These Deadly Omnichannel Mistakes Can Easily Kill Your Brand

Brands are devoting hundreds of hours — and boatloads of money — to reach consumers in meaningful ways both online and in store.

Industry experts at FN Platform said that rich experiences are an important way for brands to stand out from their competitors and to boost consumer loyalty.

But poor service, inconsistent pricing and slow digital speed are the easiest ways to lose business.

“The consumer’s tolerance is very low for slow load times,” Dave Grange, SVP of footwear at Lacoste, said Wednesday during an FN panel in Las Vegas moderated by women’s editor Nikara Johns. “You need to offer exceptional service all the time. The experience for the customer has to be perfect 100 percent of the time.”

To that end, Lacoste has made considerable investments in technology infrastructure, back-end operations and in equipping its in-store sales associates with tablets to help make the sales process smooth.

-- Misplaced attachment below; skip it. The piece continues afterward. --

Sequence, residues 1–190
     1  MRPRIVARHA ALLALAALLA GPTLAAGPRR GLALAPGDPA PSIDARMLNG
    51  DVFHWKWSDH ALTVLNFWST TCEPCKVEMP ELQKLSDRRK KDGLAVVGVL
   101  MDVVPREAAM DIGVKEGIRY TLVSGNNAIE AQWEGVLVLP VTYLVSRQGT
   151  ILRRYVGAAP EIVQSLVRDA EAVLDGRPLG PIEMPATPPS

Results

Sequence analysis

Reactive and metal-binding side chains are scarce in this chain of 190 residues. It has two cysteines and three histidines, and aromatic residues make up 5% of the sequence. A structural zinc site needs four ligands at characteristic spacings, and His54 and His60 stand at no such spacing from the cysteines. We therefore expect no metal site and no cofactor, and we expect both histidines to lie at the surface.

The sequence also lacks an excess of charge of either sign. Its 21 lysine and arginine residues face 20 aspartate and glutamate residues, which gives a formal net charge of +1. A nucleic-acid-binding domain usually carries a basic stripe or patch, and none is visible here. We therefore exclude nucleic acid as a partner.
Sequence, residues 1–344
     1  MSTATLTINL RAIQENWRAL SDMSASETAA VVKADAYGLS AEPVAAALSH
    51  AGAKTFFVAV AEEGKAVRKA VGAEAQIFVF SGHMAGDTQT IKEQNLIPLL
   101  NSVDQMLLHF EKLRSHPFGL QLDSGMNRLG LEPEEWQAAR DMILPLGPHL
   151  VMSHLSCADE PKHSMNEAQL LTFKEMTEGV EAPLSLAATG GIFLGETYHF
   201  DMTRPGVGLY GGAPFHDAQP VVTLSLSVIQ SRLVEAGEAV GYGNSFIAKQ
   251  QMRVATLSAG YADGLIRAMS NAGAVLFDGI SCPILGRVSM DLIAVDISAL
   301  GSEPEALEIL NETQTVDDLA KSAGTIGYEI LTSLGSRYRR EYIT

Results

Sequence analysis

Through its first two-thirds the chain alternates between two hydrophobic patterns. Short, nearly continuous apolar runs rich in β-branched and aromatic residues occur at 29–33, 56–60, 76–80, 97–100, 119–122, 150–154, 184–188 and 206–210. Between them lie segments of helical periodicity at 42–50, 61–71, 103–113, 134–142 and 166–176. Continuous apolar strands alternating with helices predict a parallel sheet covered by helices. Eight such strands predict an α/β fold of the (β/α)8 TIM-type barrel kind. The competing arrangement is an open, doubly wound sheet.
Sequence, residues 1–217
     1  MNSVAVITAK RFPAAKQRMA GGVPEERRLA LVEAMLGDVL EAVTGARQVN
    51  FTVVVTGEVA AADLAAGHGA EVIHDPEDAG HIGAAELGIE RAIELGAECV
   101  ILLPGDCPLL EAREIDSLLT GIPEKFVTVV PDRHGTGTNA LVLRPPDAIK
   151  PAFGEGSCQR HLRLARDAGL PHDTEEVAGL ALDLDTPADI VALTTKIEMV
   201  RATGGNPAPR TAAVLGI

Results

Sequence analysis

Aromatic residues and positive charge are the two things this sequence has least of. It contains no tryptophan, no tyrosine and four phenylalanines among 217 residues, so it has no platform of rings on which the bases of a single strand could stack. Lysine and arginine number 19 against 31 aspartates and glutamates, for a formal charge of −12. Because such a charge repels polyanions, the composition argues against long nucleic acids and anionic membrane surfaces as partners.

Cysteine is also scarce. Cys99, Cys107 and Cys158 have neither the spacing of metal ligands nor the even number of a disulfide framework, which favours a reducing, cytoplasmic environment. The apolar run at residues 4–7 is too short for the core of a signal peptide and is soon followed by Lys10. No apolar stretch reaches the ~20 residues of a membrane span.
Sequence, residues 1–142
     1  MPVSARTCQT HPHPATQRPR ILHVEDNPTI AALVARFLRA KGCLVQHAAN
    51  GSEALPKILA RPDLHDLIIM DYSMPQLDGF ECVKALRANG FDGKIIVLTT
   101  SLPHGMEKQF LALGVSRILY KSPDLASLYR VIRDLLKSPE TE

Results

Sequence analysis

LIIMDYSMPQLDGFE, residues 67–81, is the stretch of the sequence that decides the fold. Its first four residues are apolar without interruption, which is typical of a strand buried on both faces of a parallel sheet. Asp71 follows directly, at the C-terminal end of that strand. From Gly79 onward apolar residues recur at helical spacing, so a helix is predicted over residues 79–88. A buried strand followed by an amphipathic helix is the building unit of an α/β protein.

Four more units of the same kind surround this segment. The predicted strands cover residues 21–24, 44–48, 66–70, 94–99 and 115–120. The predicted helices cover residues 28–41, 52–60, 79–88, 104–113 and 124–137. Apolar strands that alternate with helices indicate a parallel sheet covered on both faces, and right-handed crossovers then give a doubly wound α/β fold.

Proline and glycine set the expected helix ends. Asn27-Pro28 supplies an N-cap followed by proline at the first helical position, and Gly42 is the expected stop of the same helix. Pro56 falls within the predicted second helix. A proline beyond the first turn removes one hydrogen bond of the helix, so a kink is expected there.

The goal for brands, according to Sperry vice president of sales Dan Leonardi, should be to offer product and price consistency across smart phones, desktops, store visits and social media.

“We need to be responsive to the consumer, wherever they shop,” he said. “The consumer is in charge.”

But connecting with consumers can be tricky business.

For one thing, they are getting bombarded with messaging on all their own social media feeds. For another, brands also have to have enough staff in place to immediately address consumers’ questions.

That can be harder for newer, smaller brands, said Meghan Mossler, co-founder of Ross & Snow.

“The biggest challenge [for us] is being responsive to customers on social media [and elsewhere] online with such a small team [as well as] optimizing our website load times,” she said.

To differentiate itself in a crowded market, Mossler said her brand, founded in 2017, is focusing more on targeted messaging through Facebook and through grassroots events such as the Sundance Film Festival and by hosting shoe parties.

While many brands are improving their digital outreach, the panelists agreed that traditional brick-and-mortar is still the best way to show consumers the full range of products.

It’s why direct-to-consumer brands such as Allbirds and others are opening stores, said Leonardi.

“Great customer service never goes out of style,” said Mossler. “If you have a beautiful store but poor customer service, you’re going to lose out.”

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